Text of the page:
The Municipality of Marquette, on Lake Superior, took its name in 1850 to honor the famed Father Jacques Marquette.
Marquette, a Jesuit missionary and explorer, was born in Laon, France, in 1637. He came to settle in New France in 1666. In Trois-Rivières, Québec, he studied Innu and other aboriginal languages under the direction of Father Gabriel Druillettes, a specialist in wintering with Native American Nations. Seven years later, he spoke fluently half a dozen languages. In the summer of 1671 he founded the St. Ignace Mission in the Michilimackinac Straits, where he received Louis Jolliet, who had been appointed by New France Governor Frontenac to reconnoitre the Mississippi Valley.
Discovery of the Mississippi River
Once travel arrangements were finalized, they departed together in mid-May 1673 with a group of Illinois indigenous people whom they found amiable. A month later at Prairie du Chien, Wisconsin, they reached the mighty Mississippi on a warm and sunny day. It is said that on the river edge that now borders Iowa State, they were welcomed into a Native village by an old man who said: “The sun is never as bright, O French, as when you come to see us.” These words have been proudly engraved on the Marquette monument that was erected in Laon in 1937. They paddled down the Mississippi to the Arkansas River and in mid-July they turned back and navigated upstream via the Illinois and Chicago rivers to Lake Michigan, which they reached in September 1673. Their exploration was a pleasant one. Toward the end of his return trip Marquette died at age 37 near the modern town of Ludington, Michigan, on Saturday May 18, 1675. Native Americans kindly transported his body back to St. Ignace, a town at the southern tip of Michigan’s Upper Peninsula, on the northern side of the Michilimackinac Straights. There, he received a proper burial.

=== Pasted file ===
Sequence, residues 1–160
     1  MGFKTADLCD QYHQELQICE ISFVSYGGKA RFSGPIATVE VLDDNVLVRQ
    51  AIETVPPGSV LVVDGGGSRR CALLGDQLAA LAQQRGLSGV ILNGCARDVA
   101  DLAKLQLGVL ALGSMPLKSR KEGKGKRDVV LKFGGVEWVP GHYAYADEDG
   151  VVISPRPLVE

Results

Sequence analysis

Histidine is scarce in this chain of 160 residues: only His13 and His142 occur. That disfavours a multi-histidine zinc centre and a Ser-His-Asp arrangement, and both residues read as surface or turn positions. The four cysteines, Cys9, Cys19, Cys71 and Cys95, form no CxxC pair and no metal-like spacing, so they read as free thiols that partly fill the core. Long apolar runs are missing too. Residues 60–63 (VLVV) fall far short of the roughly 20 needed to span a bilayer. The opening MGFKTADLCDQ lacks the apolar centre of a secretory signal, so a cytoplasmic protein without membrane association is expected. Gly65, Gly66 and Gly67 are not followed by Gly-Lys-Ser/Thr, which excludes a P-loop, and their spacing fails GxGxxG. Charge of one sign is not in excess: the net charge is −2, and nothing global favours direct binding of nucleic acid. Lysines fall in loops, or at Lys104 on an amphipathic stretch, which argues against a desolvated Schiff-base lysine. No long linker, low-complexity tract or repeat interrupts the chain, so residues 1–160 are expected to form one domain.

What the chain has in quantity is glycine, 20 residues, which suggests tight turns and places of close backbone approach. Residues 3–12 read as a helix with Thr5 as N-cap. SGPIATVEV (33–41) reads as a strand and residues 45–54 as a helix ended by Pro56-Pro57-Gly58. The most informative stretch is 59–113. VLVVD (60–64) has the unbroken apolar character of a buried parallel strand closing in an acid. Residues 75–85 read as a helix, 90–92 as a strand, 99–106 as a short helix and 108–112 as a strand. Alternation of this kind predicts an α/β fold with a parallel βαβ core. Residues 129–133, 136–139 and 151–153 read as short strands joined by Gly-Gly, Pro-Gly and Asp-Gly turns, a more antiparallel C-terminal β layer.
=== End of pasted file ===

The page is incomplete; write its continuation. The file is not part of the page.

A life-size white marble statue of Father Marquette was placed in 1896 in the United States Capitol alongside George Washington, the first American president, and Samuel Adams, one of the founding fathers of the United States. This gorgeous statue is part of the National Statuary Hall Collection that pays tribute to the most honorable characters in U.S. history. It is noteworthy that Marquette is the only Frenchman in this admirable collection. He would have been proud of the recognition he received after his death from his memorial on Capitol Hill and the naming of Marquette after him.